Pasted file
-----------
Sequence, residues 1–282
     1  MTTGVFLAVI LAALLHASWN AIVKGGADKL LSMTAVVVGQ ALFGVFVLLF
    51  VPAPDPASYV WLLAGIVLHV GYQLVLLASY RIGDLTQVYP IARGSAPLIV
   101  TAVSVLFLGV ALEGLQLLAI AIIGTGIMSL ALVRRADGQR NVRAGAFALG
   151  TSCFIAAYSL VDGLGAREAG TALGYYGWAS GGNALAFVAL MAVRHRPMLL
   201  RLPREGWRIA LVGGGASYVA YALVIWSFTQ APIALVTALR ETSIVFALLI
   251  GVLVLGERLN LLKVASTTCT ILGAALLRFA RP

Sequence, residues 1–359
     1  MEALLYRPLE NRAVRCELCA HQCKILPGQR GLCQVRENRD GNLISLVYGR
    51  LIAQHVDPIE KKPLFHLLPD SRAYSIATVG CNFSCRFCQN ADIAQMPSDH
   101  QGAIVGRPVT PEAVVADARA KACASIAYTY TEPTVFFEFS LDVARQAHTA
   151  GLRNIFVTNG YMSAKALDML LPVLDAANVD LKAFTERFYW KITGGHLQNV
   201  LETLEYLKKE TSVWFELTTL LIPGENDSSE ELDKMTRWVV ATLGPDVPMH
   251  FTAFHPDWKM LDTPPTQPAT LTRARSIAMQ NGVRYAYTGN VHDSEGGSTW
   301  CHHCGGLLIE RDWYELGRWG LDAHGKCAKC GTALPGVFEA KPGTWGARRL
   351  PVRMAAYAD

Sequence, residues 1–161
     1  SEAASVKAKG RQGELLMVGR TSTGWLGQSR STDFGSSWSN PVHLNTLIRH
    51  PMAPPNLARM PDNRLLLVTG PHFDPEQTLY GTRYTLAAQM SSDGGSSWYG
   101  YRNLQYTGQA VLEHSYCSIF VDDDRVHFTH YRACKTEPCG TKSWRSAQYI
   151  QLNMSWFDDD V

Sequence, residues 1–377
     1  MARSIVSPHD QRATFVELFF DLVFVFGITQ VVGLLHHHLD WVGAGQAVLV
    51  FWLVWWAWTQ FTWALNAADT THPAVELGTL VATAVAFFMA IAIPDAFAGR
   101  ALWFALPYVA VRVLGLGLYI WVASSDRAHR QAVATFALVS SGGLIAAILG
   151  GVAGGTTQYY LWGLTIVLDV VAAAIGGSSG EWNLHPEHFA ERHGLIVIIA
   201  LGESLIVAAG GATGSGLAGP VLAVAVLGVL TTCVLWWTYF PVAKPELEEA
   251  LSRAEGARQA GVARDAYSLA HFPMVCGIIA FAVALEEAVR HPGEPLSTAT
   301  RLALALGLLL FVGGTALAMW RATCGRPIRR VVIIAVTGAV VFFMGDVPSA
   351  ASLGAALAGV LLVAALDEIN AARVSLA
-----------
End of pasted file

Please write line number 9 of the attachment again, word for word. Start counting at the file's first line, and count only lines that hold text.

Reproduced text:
     1  MEALLYRPLE NRAVRCELCA HQCKILPGQR GLCQVRENRD GNLISLVYGR